Secrets of angel investing [1]

by Kamal Hassan

I was sitting yesterday with someone who wants to become an angel investor. This young man asked me for my advice on angel investing (although I normally blog for entrepreneurs, I have also been an angel investor for ten years). Here’s the wise advice of the older, experienced angel investor:

The first thing you need to do is make two strategic choices: 

  • what size cheques will you write?
  • will you be a ‘passive’ or ‘active’ angel investor?

Cheque size: is a simple calculation, once you know the two rules:

Rule #1: always keep 1-2x more money in reserve to ‘protect’ your investment

In other words, if you’re investing $10,000, keep another $10-20,000 in reserve. Why? Because entrepreneurs virtually always run out of money and want more money. Sometimes the company is growing well, people are throwing money at the company, and the valuation is going up. In that case you want to buy more of a likely winner (make sure the shareholder’s agreement has some sort of ‘right of first refusal’ for existing investors). More importantly … and more frequently … many companies run out of money at some point. When it does, they can get desperate, and the next round of financing will be at pennies on the dollar. Only the angel investors wise enough to have some money in reserve will benefit from buying what may still be a good company at a discount.

Rule #2: you need 15-20+ investments to be suitably diversified

Many people dabble in angel investing, make two or three investments, watch them fail (or worse, succeed while the angel gets screwed – a topic for another post), and decide ‘angel investing is a waste of money, I’m going to stick with public markets’. That’s a huge mistake. You can’t judge angel investing as a class from your first three investments (either way): you should expect to have to make 15+ investments!! So if you are going to make, e.g., 5 investments per year over three years (that’s a three year commitment to the asset class!!), divide your total money available to invest per year by 10 (see rule #1), and that’s your cheque size.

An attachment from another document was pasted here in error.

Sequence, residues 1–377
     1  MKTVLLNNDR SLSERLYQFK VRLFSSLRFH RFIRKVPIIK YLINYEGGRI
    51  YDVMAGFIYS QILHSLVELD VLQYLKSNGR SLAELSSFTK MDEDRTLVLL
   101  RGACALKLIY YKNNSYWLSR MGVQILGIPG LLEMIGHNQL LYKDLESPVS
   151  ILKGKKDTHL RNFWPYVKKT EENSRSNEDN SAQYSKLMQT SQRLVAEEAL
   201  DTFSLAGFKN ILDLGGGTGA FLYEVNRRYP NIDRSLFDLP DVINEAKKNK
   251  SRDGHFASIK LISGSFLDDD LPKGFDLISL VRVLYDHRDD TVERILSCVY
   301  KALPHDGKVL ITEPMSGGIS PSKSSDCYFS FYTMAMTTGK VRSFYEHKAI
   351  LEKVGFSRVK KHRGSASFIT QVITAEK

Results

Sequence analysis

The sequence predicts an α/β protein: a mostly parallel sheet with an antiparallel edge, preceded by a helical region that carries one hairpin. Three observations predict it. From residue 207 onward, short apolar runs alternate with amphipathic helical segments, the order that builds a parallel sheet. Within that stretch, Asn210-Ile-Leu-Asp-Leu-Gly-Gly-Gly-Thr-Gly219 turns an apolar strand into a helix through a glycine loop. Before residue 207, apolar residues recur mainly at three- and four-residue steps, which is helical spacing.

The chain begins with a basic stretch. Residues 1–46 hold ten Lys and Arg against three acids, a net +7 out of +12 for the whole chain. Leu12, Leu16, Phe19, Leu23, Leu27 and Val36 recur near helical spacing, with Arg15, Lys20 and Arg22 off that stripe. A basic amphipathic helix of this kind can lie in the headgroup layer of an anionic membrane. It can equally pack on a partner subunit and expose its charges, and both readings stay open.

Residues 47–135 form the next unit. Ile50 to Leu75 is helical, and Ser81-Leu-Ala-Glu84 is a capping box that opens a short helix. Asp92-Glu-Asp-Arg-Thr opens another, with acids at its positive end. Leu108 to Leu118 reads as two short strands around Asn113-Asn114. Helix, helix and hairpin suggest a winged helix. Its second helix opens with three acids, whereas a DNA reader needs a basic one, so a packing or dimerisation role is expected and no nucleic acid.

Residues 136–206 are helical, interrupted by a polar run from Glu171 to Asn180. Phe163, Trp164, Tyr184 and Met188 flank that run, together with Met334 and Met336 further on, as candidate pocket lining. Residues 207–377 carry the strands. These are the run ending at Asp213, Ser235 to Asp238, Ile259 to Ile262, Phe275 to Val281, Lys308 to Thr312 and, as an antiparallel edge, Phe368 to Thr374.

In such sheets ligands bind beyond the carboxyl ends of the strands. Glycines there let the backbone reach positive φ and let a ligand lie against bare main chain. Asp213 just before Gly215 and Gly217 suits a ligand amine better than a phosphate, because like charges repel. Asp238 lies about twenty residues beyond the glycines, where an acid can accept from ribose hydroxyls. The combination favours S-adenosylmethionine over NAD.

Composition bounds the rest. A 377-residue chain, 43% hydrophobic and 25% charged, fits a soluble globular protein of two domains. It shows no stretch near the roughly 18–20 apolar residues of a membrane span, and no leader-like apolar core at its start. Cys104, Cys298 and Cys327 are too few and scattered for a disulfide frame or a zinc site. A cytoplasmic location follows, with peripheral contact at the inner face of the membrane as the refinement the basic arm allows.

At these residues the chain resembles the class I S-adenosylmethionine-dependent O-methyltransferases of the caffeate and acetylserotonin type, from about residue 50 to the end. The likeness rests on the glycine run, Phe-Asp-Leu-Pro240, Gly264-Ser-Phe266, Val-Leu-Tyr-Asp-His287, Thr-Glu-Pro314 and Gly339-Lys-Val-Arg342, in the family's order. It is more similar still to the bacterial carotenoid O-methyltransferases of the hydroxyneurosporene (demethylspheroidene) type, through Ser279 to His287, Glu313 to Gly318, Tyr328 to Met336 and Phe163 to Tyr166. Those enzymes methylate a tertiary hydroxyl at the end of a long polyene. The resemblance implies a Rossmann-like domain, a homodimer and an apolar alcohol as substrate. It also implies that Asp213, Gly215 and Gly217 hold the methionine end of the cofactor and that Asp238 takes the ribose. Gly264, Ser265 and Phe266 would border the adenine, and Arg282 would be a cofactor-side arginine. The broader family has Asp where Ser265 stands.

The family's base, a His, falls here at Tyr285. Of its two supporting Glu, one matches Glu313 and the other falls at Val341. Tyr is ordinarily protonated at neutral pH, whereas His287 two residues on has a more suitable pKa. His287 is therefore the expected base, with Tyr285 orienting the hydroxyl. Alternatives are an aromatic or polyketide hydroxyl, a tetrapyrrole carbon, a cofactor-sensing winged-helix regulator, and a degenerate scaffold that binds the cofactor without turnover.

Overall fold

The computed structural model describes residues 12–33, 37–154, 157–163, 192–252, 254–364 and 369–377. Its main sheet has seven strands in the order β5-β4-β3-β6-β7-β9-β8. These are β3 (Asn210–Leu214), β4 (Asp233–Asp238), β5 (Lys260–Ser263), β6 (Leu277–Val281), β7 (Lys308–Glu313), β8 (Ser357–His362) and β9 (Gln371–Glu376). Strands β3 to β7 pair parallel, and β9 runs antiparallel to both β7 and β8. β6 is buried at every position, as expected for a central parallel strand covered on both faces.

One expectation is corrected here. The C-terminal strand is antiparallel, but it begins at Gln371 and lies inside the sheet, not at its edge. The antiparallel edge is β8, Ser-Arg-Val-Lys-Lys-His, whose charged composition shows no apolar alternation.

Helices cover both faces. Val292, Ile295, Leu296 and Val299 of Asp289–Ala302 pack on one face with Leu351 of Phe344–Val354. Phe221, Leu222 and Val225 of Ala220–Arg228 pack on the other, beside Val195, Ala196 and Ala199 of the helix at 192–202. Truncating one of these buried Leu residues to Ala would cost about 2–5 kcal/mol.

In other words, you need $100,000 a year over three years to build a proper angel portfolio, where your average cheque size is $10,000 per company (note: most entrepreneurs won’t take less than a $5,000 cheque because it isn’t worth the trouble to them). This is a sizable commitment!! Of course, with the upcoming legalization of crowdfunding, things will change: cheque sizes will get smaller, and diversification will require less capital to achieve!

Passive vs. Active Investing:

For me, it was very straightforward. I decided that I would be writing $5,000 to $10,000 cheques. If you want to be an ‘active’ angel investor, you need to be able to dedicate 20-50 hours per year to each investment. If my time is worth $50-100/hour, then I would be giving $1,000-5,000 worth of free labor per year to support a $5,000 investment: not worth it to me. So I decided to become a ‘passive’ angel investor. This basically means that I sit back, receive information [promotional note: there’s this great platform called IncMind which makes it easy to do that], and provide help – like an introduction or opinion or two – when asked.

I’m not going to get actively involved in the company, and I’m not ready to step in to help run things if the investment is going bad: active angel investors do that. I’m going to rely on management, and will succeed or fail with them.

I’m also going to spend a limited time on due diligence, and I’m going to focus the bulk of my diligence on the key factor, the people I’m investing in – which I will post more about later.  I also have 15 years of running businesses and was a management consultant before, so I can evaluate companies very quickly – especially if they are set up on [warning: promotion ahead] IncMind. If I were an active investor, I would do much deeper diligence on the company, product and market … again, the subject for another post.

So you want to be an angel investor? Figure out your cheque size per the above, and decide if you’ll be an active or passive investor … and you’re ready for our next blog post!!

2 thoughts on “Secrets of angel investing [1]

  1. Dear Mr. Hassan,

    I thank you for your informative posts…

    We are a start up QSR listed at GUST.COM under “Whole Cooking”.

    We have been studying equity crowdfunding and, of course, all is in flux. As a QSR, there is a challenge in the “angel space” with so many dedicated to tech and life science.

    We are unfunded and focus solely on attempting contact with accredited investors. If you have any comment or recommendation are partnership would appreciate it!

    Tom Storey
    Whole Cooking

    1. Tom – accredited investors don’t want to be overwhelmed with offers, so they make themselves hard to find. The best advice is to reach out through contacts of people who know you well, who can recommend you to accredited investors they know (investors value recommendations as their best source of deal flow). You may find the tools at useful as part of this process.

      One of our medium-term goals at IncMind is to find a way to introduce good members of the IncMind network to investors. We have nothing we can announce publicly yet, and if you get on our mailing list or follow us, you will be informed when it is.


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